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Yep, the disconnect between job creation and budget is awkward for Madrid. But that's something that can be argued about within Spain. It oughtn't concern the IOC because it doesn't affect deliverability.

What is most concerning for Madrid from that article isn't the hyperbole over the job creation opportunities, but the problems the bid has had raising private sponsorship. I've been saying this for a while now; Madrid has a very low-risk plan in terms of venues and infrastructure, but a high-risk one in terms of delivering the Games and getting on board all the domestic sponsors the IOC woulld expect.

It's the weirdest Olympic bid ever in that sense. The things that are normally a worry for potential hosts (venues) really aren't a problem for Madrid, but the bread and butter of raising sponsorship and selling merchandise may well be. Very, very odd situation for Madrid 2020 to find itself in.

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In the 2020's, when economies have recovered and Europe starts to stabilise (I hope), I think Rome's withdrawal could actually be reflected upon as a positive thing, if it steps up when the economy is better. It shows that the Italian Govt of the time understands the complexity and requirements of the Olympic Games and had the self discipline to abstain from the circus... compared to Madrid's, which is like a single mother who is on welfare payments, trying to get a bank loan to fund a revitalising Caribbean booze cruise!! :wacko:

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I've given Spain the benifit of the doubt more than many here on the basis of their strong venue plan, hosting experience, and decent showing in previous IOC votes, but I think things are looking pretty bad now...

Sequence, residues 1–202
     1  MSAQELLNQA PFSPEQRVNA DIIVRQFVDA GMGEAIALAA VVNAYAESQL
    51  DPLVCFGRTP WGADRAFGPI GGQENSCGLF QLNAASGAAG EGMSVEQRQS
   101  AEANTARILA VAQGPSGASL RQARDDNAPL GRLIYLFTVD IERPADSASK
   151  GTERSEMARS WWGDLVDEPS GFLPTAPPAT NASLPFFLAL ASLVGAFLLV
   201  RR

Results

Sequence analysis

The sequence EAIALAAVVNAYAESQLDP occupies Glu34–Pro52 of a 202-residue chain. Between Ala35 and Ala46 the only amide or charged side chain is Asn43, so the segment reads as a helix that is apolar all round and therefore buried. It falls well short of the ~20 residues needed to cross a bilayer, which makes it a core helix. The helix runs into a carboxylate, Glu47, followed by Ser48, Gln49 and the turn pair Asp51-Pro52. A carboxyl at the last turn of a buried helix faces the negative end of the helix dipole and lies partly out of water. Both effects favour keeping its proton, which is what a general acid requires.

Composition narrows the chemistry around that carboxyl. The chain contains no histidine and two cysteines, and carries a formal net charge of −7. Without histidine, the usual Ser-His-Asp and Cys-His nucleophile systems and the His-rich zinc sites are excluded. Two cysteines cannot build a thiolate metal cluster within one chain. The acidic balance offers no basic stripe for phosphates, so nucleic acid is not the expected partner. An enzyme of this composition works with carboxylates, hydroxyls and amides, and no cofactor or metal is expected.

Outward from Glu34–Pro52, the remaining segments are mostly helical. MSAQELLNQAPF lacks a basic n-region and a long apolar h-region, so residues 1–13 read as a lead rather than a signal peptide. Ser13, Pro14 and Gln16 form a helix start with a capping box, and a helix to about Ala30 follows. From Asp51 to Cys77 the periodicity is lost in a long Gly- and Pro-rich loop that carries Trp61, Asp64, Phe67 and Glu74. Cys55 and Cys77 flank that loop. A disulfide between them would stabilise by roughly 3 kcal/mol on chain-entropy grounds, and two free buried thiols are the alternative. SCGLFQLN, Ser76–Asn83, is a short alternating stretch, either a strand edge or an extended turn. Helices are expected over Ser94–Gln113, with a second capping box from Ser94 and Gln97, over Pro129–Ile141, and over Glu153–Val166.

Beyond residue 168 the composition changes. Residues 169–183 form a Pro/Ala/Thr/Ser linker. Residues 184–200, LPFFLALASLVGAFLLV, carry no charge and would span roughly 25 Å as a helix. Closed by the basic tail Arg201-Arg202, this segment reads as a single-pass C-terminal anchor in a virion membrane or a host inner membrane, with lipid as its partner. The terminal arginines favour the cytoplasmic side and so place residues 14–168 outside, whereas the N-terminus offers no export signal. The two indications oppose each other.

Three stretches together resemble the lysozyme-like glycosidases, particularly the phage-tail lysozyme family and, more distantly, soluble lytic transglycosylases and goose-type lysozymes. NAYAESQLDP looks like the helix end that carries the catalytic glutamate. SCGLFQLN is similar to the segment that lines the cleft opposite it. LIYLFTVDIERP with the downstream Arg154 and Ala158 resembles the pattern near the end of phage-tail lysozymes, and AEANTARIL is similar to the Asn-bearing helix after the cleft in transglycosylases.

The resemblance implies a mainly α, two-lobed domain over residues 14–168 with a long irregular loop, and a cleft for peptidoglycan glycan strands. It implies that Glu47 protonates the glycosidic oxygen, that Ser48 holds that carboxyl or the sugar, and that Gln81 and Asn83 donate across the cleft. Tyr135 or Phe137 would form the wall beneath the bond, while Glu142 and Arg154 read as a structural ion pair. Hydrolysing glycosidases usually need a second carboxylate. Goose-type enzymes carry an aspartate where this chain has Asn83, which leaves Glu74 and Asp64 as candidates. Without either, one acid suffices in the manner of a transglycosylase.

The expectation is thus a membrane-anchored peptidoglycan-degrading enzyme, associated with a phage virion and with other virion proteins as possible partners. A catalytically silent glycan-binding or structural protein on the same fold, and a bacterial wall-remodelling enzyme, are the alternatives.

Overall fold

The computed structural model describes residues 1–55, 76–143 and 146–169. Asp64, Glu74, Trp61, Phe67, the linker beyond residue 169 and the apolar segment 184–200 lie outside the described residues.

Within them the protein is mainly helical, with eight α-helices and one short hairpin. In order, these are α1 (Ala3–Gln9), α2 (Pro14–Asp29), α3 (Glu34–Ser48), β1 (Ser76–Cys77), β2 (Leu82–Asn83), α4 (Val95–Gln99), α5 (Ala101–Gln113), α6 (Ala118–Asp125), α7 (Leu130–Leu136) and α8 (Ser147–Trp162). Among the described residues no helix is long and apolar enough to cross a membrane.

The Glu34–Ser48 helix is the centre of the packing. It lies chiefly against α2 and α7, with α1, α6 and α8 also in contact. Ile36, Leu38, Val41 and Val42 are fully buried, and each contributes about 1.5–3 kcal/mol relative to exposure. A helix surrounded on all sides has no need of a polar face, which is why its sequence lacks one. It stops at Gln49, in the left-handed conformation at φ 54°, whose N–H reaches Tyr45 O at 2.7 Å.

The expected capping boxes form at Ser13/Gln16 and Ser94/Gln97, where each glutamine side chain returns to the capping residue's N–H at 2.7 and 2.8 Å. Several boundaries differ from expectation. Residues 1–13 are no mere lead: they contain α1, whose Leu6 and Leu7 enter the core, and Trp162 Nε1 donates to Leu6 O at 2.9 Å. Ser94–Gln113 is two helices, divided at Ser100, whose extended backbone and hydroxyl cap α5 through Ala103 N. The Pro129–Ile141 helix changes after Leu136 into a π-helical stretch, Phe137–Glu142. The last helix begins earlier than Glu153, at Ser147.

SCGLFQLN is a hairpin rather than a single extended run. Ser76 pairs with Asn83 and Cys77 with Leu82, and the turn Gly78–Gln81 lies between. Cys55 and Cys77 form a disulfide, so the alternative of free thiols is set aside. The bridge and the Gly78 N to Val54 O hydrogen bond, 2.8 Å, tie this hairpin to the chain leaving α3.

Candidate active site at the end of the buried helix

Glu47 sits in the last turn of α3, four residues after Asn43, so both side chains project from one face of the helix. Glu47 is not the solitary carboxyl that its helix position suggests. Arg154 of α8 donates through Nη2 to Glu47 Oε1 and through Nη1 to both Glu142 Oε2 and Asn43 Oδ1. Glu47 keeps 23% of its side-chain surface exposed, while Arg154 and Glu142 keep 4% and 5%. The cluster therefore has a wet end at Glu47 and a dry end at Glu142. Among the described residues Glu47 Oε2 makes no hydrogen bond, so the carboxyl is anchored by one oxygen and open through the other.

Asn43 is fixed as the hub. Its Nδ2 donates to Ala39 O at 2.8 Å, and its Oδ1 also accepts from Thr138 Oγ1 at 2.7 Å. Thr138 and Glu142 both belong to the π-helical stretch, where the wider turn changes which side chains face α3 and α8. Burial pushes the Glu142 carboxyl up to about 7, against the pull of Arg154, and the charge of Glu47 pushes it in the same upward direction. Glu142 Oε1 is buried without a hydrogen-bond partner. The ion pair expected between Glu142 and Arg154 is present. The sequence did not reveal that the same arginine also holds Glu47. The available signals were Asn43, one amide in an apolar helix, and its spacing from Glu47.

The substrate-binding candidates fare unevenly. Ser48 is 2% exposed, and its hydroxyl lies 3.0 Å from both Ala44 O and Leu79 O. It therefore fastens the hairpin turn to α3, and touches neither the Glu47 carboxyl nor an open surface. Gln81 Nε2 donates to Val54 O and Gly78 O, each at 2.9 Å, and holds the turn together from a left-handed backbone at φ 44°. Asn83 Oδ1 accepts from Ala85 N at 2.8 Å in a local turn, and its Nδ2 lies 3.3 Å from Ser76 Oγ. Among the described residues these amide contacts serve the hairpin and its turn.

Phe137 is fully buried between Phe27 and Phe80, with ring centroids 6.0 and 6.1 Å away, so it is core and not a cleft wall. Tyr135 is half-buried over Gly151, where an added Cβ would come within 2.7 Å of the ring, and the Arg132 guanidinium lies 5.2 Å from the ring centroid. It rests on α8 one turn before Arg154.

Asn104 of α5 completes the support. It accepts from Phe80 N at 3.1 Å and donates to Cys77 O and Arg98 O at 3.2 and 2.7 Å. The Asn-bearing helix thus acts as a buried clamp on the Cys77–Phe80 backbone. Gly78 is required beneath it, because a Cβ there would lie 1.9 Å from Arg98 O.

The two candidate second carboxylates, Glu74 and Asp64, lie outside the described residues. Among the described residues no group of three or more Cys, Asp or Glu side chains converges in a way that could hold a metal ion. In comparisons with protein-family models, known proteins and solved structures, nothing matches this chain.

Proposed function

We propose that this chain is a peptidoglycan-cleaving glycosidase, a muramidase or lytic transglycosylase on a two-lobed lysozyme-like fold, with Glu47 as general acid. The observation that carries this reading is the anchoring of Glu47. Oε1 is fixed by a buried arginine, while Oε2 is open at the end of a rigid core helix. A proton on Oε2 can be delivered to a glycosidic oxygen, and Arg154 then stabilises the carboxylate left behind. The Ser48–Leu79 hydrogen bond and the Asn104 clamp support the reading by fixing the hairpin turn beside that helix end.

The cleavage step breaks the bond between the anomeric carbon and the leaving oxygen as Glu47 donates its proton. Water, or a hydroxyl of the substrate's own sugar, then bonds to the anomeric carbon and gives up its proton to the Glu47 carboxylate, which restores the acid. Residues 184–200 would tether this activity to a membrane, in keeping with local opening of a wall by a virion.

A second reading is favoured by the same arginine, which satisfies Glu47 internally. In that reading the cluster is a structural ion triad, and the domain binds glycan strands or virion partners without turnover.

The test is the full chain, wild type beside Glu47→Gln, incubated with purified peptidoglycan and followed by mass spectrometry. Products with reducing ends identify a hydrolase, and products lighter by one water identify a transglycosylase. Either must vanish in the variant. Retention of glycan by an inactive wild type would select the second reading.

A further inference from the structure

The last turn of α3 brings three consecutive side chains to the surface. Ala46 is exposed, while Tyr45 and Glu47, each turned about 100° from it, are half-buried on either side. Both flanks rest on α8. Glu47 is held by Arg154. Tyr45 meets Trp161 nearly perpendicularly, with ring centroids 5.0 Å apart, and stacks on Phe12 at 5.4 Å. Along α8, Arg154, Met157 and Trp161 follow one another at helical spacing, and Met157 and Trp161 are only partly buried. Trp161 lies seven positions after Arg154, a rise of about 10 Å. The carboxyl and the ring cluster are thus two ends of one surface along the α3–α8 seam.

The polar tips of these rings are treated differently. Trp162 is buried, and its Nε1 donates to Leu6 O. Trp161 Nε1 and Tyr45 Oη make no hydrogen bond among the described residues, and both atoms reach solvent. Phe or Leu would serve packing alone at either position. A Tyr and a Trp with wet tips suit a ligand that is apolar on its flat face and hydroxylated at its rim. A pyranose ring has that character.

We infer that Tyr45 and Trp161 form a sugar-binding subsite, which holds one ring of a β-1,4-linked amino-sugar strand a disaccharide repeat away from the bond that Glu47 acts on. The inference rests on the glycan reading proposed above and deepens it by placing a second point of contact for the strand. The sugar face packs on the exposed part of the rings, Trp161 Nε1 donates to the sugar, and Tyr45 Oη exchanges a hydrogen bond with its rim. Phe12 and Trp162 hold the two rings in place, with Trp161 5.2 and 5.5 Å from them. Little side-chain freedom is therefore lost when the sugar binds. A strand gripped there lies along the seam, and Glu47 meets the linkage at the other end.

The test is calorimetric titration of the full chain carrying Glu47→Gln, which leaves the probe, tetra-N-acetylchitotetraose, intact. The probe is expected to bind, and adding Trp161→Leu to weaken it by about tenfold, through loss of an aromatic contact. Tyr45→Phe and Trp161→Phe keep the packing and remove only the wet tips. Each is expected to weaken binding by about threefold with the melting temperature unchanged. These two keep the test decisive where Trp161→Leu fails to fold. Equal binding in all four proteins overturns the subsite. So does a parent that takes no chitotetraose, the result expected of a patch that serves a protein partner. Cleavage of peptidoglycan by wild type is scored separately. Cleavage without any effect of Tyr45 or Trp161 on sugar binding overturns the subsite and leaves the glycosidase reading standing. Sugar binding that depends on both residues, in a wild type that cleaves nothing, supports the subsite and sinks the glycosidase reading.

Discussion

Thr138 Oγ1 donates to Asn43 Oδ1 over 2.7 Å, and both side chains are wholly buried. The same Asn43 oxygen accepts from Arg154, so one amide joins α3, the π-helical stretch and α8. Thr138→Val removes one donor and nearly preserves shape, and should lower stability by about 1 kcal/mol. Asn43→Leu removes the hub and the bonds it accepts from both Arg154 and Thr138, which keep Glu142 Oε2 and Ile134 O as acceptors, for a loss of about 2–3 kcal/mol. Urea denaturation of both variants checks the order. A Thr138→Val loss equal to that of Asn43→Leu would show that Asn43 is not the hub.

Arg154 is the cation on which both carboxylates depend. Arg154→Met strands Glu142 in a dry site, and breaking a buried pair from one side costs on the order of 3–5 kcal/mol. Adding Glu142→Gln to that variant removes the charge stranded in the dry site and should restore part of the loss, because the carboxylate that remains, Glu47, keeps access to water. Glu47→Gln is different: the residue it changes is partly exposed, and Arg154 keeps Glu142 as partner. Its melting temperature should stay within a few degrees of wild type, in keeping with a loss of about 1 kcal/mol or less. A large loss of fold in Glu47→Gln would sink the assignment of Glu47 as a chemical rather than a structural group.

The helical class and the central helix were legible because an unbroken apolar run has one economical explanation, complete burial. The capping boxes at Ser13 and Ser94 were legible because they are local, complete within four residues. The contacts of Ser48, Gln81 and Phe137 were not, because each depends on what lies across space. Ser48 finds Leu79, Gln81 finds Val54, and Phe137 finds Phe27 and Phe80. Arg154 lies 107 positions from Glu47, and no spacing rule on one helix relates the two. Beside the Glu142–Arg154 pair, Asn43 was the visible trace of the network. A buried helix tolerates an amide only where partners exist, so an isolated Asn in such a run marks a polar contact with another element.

Spain's financial crisis could force the International Cycling Union (UCI) to take away the 2014 World Road Cycling Championships from Ponferrada, which could have serious repercussions for Madrid's bid to host the 2020 Olympics and Paralympics.

The UCI have granted the historic city in north-western Spain 30 days to "meet contractual commitments, after which time if these had not been met the event would be withdrawn from them".

It is understood that Spanish officials are struggling to raise the €5 million (£4 million/$6.5 million) necessary to underwrite the event, the biggest and most prestigious competition in the UCI's portfolio of championships, which has a total budget of €15 million (£12 million/$19.5 million).

http://www.insidethegames.biz/sports/summer/cycling/1010968-qspains-creditability-is-at-stakeq-admits-mayor-as-doubts-raised-over-2014-world-cycling-championships

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Oh, the lovely city of Ponferrada... You should all visit it. There's a gamesbidder who was born there, did you know? :D

30 days. That's the time our politicians have to betray us. Ponferrada has already warned the government of the possible effects of this withdrawal, but they don't want to listen. When Ponferrada bid for the 2013 and 2014 UCI World Championships, we had full support of all the political institutions concerned. It is all written and signed! How can they now be so cheeky to say there's no money to host anything and yet keep bidding for something much more expensive that we'll probably not get, especially after this? There are many more World Championships Spain is expected to host this decade: handball 2013, aquatics 2013 in Barcelona, basketball 2014, shooting 2014 in Granada and sailing 2014 in Santander, plus the 2015 Winter Universiade in Granada and the 2017 Mediterranean Games in Tarragona. Are we going to withdraw from them all too? Why did we bid for so many events, then?